The challenge faced by the Department of Imaging Sciences was to find a way to objectively judge the accuracy of radiology teaching files available on the web that its residents were routinely using to supplement their education. A systematic process for reviewing and scoring each web site by objective criteria was created. In the end, the Department evaluated 32 sites, and now recommends 20 of them to its residents, knowing that these high-scoring sites offer content that is (1) peer-reviewed, (2) referenced, (3) and frequently updated.

The Department was recently asked to present its process and findings at the Association of University Radiologists (AUR) meeting, and since then, multiple institutions have implemented similar qualitative measures of information integrity into their residency education programs.




Fisher to Head Clinical Services

Richard I. Fisher, M.D.

Richard I. Fisher, M.D., director of the James P. Wilmot Cancer Center and director of Cancer Services at Strong Health, has been appointed vice president for Clinical Services for the University of Rochester Medical Center (URMC) and its patient care network, Strong Health. The appointment is effective Jan. 1, said Medical Center CEO Bradford C. Berk, M.D., Ph.D.

An internationally known expert on the biology and treatment of lymphoma, Fisher also serves as chief of the Hematology/Oncology Unit and is the Samuel E. Durand professor of Medicine. He will continue in his current roles as he assumes new administrative responsibility as a member of the Medical Center’s leadership team.

Since his recruitment from Loyola University’s Cardinal Bernardin Cancer Center in 2001, Fisher has integrated the Medical Center’s cancer services, recruited 17 scientists/clinicians, and formulated a strategic plan to help the Wilmot Cancer Center capture National Cancer Institute-designation. Key to his strategy is a new, four-story cancer research and treatment center which is under construction, expected to open in spring of 2008.

"Rich Fisher has a remarkable track record of achievement both at Loyola and here at the Medical Center. He can formulate a compelling vision and inspire others to work in unison toward common goals," Berk said. "He brings a very patient-centric philosophy that will add value throughout the Medical Center’s services." Since Fisher has come to Rochester, the Wilmot Cancer Center has seen double-digit growth in the numbers of patients it serves and a four-fold increase in research funding, Berk notes.

As vice president for Clinical Services, Fisher will help organize the Medical Center’s patient care programs along service lines – a process that clusters services around specific diseases, such as cardiac care, cancer treatment, organ transplants, brain and nervous system disorders and orthopaedic conditions. The goal is for members of each patient’s care team – physicians, nurses, technicians, and support staff – to work together to streamline and coordinate care.

"The way we’ve organized ourselves in the past – within distinct departments – is too limiting, yet there is no one-size-fits-all way to organize clinical service lines," Fisher said. "My job will be to think strategically from the patient’s perspective, to propose solutions from within a spectrum of models to structure our resources in a way that allows us to truly manage disease."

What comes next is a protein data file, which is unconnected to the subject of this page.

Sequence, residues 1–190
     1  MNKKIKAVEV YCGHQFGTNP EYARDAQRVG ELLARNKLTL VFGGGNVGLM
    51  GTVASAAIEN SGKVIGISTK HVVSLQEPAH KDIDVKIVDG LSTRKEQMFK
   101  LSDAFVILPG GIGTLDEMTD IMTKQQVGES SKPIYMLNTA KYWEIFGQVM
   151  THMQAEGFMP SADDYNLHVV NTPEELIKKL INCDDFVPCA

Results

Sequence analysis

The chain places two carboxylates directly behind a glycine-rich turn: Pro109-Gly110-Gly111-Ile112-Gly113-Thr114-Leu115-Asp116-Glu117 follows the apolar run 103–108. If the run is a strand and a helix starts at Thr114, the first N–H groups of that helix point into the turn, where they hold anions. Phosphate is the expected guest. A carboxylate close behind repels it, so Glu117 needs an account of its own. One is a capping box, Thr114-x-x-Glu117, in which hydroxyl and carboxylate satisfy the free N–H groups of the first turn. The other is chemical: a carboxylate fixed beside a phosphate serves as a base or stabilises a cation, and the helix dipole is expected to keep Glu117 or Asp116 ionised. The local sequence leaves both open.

In organizing service lines, Fisher will work closely with Steven I. Goldstein, CEO of Strong Memorial and Highland hospitals, as well as the hospitals’ leadership teams. Fisher also will collaborate with School of Medicine and Dentistry Dean David Guzick, M.D., Ph.D., to advance clinical research, and with Center for Community Health director Nancy Bennett, M.D.




Taubman Named Editor of American Heart Association Journal

Mark Taubman, M.D.

Mark Taubman, M.D., chief of the Cardiology Division and director of the Cardiovascular Research Institute at the Medical Center, has been named editor-in-chief of the journal Arteriosclerosis, Thrombosis and Vascular Biology (ATVB), one of five medical journals produced by the American Heart Association (AHA). In conjunction with the appointment, the journal offices will move to the University of Rochester and will help focus national and international attention on the University and the region as a major center for the study of cardiovascular diseases.

ATVB is considered the leading journal in the fields of vascular biology and atherosclerosis and ranks competitively in terms of its measured impact with other major scientific journals. It has offices in Europe and Asia, as well as in the United States, and is read by leading physicians and scientists throughout the world.

As editor-in-chief, Taubman will be responsible for overseeing the activities of all three offices.

"I am greatly honored to be chosen as editor for such an important publication," said Taubman. "I look forward to working with the cardiovascular disease community to provide an ideal forum in which to share new ideas and discoveries that advance the treatment and understanding of cardiovascular disease and improve patients' lives."

A search committee composed of scientists and senior AHA leaders considered a list of candidates, whom each submitted statements of their vision for the journal’s future. In his vision statement, Taubman expressed interest in better using the journal as a teaching tool and as a forum for the establishment of treatment guidelines in new areas of the covered fields. Along with his vision, broad expertise in each of the areas covered by the journal, and the fact that he has held several posts with AHA over the years had much to do with his being chosen, Taubman said.

As editor, Taubman will for the next four years oversee an international team of editors and reviewers that will chose for publication 500 scientific papers per year from approximately 2,500 submissions. In addition, he will choose associate editors, building a team of professionals that will oversee the review of all the submitted manuscripts in the United States, Europe and Asia.